Putting in offers on multiple contracts - wrong?

Discussion in 'Purchasing DVC' started by wrighter, Aug 21, 2013.

  1. POTCfan

    POTCfan Mouseketeer DVC Gold

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    I never made more than one offer at a time, but I thought about it. During the buying process, I withdrew my offer on a few so that I could make an offer on another. I waited 5-7 days, and if I heard nothing I would formally withdraw my offer so I didn't feel bad about making another offer. I figured after that many days, they are probably looking for a higher offer, and I figured that if they were holding out then there was a higher potential that they would be looking for a higher bidder during the entire selling process. I thought that if there was some legitimate reason why they needed more than 5 days, they could contact the broker and ask if I was still interested. Looking back on it, I probably should have put a time limit on the offer - it would have saved me some time in finding the right seller.
     
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  3. Deb & Bill

    Deb & Bill DVC-Trivia Contest, Apr-2006: Honorable Mention

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    Sure the seller has something to lose. A buyer for their points while the lookie-loo is tying them up.
     
  4. fmer55

    fmer55 DIS Veteran

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    And what about the extra money I paid after a seller backed out when they had closing docs in their hand, 60 days after contracts signed? The market went nuts for 60 days and the price I passed ROFR through has not been seen again.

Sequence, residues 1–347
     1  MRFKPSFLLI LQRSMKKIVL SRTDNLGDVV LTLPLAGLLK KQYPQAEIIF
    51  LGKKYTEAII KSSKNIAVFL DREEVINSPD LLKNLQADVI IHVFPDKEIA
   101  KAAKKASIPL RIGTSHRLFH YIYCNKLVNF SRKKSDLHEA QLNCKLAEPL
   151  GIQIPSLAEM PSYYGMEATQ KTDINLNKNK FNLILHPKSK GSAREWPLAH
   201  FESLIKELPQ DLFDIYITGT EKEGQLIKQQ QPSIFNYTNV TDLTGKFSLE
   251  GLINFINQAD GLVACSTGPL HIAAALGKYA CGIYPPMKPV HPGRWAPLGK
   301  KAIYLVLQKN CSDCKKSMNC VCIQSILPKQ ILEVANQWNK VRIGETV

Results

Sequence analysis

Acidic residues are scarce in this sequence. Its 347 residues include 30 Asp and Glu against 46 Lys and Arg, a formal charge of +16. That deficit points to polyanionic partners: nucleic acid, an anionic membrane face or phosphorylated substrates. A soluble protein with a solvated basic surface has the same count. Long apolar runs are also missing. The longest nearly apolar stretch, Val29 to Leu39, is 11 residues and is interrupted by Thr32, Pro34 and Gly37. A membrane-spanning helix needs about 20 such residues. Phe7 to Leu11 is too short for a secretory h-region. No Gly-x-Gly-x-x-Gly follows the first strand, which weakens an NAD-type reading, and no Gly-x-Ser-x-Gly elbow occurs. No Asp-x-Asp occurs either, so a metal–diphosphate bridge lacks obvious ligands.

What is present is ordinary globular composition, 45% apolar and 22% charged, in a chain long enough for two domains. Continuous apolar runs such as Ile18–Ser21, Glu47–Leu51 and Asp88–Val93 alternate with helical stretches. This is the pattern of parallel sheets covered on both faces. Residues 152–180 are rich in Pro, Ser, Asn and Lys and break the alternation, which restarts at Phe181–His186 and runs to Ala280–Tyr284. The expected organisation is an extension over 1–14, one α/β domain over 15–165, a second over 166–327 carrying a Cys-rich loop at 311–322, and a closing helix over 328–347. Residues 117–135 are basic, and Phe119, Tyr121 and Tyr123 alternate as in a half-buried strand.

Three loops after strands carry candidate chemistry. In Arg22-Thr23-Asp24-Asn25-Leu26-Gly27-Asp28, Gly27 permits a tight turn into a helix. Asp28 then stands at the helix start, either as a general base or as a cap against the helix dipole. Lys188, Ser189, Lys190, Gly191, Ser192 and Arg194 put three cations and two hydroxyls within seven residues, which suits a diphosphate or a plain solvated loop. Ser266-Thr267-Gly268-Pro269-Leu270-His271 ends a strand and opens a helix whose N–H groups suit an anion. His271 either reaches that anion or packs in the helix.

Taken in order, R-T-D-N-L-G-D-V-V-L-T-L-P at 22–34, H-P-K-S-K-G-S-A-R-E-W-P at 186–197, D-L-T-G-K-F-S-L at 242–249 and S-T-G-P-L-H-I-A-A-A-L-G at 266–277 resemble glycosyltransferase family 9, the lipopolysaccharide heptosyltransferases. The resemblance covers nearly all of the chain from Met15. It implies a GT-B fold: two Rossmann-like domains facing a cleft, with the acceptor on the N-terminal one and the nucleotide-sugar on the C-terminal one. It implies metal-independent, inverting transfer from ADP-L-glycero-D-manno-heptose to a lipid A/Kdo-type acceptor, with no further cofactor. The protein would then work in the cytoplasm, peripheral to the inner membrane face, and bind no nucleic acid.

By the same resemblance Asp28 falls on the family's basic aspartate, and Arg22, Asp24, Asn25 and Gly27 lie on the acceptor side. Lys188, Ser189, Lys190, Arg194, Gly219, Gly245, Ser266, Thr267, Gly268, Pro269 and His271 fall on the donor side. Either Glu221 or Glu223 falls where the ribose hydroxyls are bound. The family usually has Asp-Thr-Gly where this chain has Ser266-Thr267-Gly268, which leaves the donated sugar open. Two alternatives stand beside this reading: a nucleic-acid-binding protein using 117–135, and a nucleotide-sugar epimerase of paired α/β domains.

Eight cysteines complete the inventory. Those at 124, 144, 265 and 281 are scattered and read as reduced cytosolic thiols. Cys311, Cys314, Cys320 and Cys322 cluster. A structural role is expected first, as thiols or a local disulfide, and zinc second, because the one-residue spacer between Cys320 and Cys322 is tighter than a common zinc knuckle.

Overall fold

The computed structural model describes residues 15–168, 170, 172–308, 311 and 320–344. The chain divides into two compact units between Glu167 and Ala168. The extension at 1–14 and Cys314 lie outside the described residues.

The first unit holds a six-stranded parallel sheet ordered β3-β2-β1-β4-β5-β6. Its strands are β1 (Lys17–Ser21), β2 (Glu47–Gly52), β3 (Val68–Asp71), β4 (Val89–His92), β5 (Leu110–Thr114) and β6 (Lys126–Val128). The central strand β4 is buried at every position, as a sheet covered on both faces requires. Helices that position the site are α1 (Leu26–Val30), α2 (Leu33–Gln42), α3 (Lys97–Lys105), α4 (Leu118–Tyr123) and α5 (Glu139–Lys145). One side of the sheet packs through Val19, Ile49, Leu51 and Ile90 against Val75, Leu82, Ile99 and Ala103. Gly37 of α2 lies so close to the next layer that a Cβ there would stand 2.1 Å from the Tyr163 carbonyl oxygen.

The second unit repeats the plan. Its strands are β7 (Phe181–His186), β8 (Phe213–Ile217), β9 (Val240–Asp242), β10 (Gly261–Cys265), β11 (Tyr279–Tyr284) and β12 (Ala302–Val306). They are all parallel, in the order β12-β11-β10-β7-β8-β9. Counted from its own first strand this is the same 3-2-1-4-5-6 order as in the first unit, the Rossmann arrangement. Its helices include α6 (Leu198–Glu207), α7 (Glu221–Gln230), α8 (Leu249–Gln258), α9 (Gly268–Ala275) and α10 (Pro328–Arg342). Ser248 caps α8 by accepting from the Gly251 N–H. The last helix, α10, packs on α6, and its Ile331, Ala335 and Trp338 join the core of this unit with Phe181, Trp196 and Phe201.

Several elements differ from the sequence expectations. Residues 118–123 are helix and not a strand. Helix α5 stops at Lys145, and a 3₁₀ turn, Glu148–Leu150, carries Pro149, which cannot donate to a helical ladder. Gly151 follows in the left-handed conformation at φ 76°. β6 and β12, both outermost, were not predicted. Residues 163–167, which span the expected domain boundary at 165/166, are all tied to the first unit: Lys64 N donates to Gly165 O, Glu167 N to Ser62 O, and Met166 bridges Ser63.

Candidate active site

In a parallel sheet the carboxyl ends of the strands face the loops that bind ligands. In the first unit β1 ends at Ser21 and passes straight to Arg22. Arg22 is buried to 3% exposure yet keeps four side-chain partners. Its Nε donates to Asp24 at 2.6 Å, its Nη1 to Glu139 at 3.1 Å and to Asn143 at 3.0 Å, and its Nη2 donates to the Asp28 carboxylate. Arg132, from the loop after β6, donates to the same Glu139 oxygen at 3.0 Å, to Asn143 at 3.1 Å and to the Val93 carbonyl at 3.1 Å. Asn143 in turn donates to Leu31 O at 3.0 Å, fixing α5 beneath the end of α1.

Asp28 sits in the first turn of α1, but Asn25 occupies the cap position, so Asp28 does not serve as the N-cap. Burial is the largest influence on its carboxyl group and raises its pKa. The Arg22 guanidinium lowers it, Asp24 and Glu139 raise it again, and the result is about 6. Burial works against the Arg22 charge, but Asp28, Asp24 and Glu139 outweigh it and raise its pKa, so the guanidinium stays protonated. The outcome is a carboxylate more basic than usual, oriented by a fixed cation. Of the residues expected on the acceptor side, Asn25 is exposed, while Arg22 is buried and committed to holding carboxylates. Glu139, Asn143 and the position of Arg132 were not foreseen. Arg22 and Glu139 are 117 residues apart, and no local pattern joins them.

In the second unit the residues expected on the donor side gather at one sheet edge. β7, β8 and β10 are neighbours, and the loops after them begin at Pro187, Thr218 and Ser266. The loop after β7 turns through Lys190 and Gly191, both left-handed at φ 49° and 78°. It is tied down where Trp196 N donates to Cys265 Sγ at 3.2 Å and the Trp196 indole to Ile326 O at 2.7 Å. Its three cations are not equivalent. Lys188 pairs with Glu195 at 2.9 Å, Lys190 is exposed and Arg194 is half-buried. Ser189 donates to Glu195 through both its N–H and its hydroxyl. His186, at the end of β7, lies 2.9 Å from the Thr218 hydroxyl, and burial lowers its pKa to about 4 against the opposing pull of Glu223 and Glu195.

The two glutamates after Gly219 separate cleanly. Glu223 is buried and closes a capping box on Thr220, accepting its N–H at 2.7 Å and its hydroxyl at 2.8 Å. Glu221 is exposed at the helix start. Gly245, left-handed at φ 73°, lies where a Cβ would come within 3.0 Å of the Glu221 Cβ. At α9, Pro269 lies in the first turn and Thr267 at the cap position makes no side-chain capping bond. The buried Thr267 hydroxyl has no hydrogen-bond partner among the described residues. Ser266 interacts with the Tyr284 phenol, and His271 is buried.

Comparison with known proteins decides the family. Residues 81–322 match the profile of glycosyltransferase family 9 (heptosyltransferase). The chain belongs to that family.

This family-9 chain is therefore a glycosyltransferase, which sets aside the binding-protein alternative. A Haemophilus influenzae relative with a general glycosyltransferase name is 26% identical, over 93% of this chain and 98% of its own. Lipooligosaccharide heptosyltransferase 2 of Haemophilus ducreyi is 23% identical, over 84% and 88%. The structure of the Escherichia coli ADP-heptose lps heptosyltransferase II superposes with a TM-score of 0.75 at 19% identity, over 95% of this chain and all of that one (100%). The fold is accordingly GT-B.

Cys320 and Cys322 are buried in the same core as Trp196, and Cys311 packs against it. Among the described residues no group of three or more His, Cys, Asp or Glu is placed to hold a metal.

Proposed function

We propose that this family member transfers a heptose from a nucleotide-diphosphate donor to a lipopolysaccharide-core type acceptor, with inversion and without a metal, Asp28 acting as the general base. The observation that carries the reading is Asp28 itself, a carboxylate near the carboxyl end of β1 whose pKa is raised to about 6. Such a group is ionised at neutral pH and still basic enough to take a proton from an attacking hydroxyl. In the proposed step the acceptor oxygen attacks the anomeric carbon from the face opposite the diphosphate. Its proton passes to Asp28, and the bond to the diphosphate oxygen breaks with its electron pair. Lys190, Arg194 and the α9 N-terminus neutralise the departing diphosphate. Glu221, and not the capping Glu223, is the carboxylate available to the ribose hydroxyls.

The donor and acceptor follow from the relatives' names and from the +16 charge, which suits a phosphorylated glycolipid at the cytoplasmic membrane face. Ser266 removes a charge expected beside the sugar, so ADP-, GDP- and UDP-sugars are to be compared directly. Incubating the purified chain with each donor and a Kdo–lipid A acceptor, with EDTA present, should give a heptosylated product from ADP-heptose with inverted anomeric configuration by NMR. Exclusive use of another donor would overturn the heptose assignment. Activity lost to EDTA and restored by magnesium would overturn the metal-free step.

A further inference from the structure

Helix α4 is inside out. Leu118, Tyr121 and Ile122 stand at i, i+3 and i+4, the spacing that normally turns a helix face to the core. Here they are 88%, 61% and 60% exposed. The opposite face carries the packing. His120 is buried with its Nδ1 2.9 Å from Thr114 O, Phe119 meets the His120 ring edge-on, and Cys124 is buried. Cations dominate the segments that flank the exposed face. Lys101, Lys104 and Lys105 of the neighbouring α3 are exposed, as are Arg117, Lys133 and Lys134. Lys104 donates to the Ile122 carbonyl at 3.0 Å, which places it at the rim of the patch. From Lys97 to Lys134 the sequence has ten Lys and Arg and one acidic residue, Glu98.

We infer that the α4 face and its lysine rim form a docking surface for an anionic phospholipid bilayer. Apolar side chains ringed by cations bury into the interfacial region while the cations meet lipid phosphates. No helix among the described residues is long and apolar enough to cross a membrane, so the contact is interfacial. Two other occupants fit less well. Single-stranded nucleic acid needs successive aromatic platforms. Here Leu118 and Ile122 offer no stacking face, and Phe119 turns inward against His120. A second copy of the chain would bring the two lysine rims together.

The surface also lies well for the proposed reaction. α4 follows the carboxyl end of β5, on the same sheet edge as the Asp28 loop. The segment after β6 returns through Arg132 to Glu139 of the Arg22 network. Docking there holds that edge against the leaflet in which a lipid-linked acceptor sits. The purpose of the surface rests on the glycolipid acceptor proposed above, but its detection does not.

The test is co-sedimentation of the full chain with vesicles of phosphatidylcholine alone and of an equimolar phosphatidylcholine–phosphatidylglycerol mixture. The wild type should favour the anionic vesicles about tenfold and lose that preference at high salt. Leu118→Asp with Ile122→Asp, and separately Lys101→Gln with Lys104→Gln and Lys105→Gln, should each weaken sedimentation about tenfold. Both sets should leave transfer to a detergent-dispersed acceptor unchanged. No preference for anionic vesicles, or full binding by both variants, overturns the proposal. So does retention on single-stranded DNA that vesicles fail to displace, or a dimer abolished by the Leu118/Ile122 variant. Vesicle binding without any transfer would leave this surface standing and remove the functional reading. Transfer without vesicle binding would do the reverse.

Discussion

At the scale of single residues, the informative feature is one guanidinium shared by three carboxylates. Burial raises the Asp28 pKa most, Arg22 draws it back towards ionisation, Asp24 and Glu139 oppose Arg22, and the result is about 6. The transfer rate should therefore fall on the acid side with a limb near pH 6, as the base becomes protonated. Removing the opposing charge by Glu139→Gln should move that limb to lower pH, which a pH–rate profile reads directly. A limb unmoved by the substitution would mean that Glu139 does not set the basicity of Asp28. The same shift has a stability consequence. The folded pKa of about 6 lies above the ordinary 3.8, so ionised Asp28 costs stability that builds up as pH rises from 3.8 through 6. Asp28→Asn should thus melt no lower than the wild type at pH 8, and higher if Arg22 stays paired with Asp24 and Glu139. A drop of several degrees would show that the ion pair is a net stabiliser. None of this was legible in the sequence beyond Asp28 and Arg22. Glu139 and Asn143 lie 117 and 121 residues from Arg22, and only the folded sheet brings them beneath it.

Time limits are a good way to go.

    I do not see how you can compare this to buying a house, In over 20 offers I have made on houses I have never, ever, waited for more than 24 hours to hear back. Not sure about other parts of the country, but in NY, you will be held legally liable for commissions if you back out of a fully executed contract.
     
  5. Deb & Bill

    Deb & Bill DVC-Trivia Contest, Apr-2006: Honorable Mention

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    Oh, I agree with you about sellers backing out after they have tied up your money for months as well. Both are wrong.
     
  6. JustTinking

    JustTinking DVC Member since 2002

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    I've made offers with all the big brokers here, and I usually receive word back within hours on whether my offer was accepted or countered. Sometimes it takes an overnight if the seller is unavailable, but reasonably you should get a response within 48 hours. Setting a time limit on a offer will guarantee that and keep you out of wondering about the ethical implications of making another offer in the same timeframe.

    Obviously we'd all like to do win-win negotiations and work with people (sellers, buyers, brokers) who observe some standards of fairness. I made an offer last month on a property at full price and the seller countered with a $10 increase. I walked away because it didn't feel right and I wouldn't want to do business with a party who bent the rules like that.
     
  7. dcfromva

    dcfromva <a href="http://www.wdwinfo.com/dis-sponsor/index.

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    I think it is a much better option to put a time limit on the offer.

    If I was the seller and found out a buyer had done this in the past (or was currently doing a multiple offer), I would not take the offer seriously and probably reject it.

    On the other hand, it harms buyers. It artificially inflates the number of buyers in the market-- if 5 buyers put in 5 offers-- that could potentially end up in a bidding war even with moderate amounts of inventory.
     

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